Six in 10 adults miss “ordinary” conversations such as small talk about the weather and celebrity gossip, a study found.
Researchers among 2,000 adults found 60% time for appropriate conversation, something they felt they had been starved of throughout the lockdown.
And nearly half think a good conversation improves their mood and benefits their mental health – in fact, three-quarters said a decent chat makes their day.
But despite the need to chat, 24% admit it’s been so long since they last had one due to the lockdown, they’re now more afraid to talk to others.
It was also found that the key to a satisfying conversation is discussing common interests (63%), discovering something new (53%) and feeling valued (51%).
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The study, commissioned by giffgaff as part of its ‘Have a Good Conversation’ campaign, also found that the typical adult currently only has about seven decent conversations per month.
The initiative calls on the nation to have a conversation with someone who really needs it in a bid to create Britain’s “least lonely hour” – between 6 p.m. and 7 p.m. on Thursday, February 18.
Simone Bose, psychologist and relationship therapist, said: “When it comes to our happiness, talking to each other is essential to feeling connected.
“Our brain reacts when we hear the voice of a loved one and our body triggers the production of oxytocin, the hormone of love and bonding.
“This is why talking on the phone can be so beneficial, it reduces cortisol levels and therefore stress.
“The more meaningful the conversation, the drastically reduced cortisol.”
The study also found that young adults seem to find the prospect of a conversation increasingly intimidating.
Half of 18-24 year olds said they started to feel more apprehensive in the past 12 months – more than the number of adults who feel this overall.
Conversing is also a challenge for young adults – 58 percent of 18-34 year olds admitted they found it difficult, compared to 36 percent of over 65s who felt the same.
And 46% of all respondents said they find it harder than ever to think of topics for discussion.
Again, this is particularly prevalent among 18-24 year olds (60 percent).
There also appears to be a gender difference, as more women (52 percent) than men (39 percent) have struggled in this regard.
As a fallback, 27% of respondents will typically wait for others to engage in conversations – rather than the other way around.
But 57% fear the art of conversation is on the decline.
Conducted via OnePoll, the study also found that the typical adult only has three people they can really open up to.
Perhaps as a result, 47% said they had become more likely to come into contact with someone they had not spoken to for a long time in the past 12 months.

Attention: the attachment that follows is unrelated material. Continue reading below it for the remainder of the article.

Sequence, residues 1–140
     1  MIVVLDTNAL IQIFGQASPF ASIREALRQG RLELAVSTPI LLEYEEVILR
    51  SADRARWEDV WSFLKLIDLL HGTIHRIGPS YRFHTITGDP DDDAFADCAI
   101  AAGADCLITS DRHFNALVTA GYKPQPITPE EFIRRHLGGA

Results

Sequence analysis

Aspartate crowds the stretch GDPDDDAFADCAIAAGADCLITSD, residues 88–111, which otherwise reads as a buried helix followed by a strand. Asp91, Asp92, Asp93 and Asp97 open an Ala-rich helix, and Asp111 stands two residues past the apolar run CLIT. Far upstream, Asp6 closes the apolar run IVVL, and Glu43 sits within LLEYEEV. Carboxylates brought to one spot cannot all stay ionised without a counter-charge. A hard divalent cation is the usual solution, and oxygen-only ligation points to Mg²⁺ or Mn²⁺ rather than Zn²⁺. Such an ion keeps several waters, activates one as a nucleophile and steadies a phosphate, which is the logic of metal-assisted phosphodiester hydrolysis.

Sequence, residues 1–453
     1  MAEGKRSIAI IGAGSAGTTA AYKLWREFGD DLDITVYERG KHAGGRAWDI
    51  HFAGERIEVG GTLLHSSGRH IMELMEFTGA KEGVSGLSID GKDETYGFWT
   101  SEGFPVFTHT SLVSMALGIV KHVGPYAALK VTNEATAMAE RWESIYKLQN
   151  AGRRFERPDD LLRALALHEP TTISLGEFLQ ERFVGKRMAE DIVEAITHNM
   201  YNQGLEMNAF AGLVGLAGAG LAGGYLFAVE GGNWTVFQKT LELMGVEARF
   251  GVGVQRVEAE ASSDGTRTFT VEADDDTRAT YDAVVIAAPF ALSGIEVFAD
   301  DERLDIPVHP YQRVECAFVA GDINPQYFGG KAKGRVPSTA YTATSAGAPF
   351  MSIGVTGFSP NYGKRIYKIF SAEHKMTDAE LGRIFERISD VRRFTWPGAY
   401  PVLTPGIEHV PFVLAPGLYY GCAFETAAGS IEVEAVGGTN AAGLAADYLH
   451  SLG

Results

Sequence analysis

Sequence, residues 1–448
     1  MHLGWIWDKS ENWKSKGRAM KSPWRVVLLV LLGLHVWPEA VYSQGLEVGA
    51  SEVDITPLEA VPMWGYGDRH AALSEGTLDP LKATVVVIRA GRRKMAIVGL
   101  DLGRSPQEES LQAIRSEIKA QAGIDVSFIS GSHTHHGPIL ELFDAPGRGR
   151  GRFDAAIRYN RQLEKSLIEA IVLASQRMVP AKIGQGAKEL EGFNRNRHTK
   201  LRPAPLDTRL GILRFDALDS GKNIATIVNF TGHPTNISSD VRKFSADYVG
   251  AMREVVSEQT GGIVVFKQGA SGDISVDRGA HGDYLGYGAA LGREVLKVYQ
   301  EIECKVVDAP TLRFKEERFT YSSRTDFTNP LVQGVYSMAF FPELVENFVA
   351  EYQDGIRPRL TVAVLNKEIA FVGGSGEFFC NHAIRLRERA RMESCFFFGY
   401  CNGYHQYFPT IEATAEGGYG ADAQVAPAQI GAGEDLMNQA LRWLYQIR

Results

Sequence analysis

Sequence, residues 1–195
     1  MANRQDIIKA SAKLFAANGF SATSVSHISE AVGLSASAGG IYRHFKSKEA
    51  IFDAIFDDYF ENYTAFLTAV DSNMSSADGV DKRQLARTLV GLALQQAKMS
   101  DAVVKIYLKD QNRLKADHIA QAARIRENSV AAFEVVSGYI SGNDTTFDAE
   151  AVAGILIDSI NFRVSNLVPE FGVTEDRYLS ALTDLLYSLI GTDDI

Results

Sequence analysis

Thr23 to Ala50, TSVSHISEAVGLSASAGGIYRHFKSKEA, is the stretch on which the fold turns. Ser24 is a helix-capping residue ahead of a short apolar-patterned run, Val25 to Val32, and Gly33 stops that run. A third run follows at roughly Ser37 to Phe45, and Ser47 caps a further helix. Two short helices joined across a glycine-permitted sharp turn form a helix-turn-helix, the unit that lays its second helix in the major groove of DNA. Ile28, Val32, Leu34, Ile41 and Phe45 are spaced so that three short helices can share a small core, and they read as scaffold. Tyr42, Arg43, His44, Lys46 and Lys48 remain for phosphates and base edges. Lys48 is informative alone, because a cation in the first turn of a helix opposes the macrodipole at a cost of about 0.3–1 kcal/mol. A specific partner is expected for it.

Ash Schofield, CEO of giffgaff, said: “giffgaff is built on community and that means we support, help and learn from each other.
“Understanding the growing problem of isolation and loneliness felt by so many people, we wanted to encourage people to ‘have a good conversation’.
“Empowering people to help create Britain’s Least Lonely Hour, because we know the power a conversation can have to lift morale and stay connected.”
You can find more information about “Have a Proper Chat” at the giffgaff hub.
Simone Bose’s tips for a good discussion
1. Enjoy and be present with your conversation.
The best way to be fully engaged is to really listen and take an interest in what the other person is saying, and not waste time thinking about what to say next.
2. If you are wondering where to start, have in mind some topical stories that you can share with the person you are talking to.
But also make sure you don’t choose insensitive topics that might make the other person uncomfortable.
3. It’s a balance, don’t forget to share a part of yourself and find things that you can connect with with the person you’re talking to on the phone.
People will feel closer to you if you are also more vulnerable in the conversation, it allows them to be the same.
4. Consider where and when you are in a conversation.
If you are going for a walk and have time to talk, then you can take the time to talk about deeper topics.
If you have a short but sweet conversation to say hello to someone, stay lighter.
5. Take cues from the other person – actively listen to what the other person is excited to talk about and what is important to them or what bothers them.
And notice the inflections, pauses, and emotion in their voices.
All of these are great ways to pick up on things the other person will like to talk about.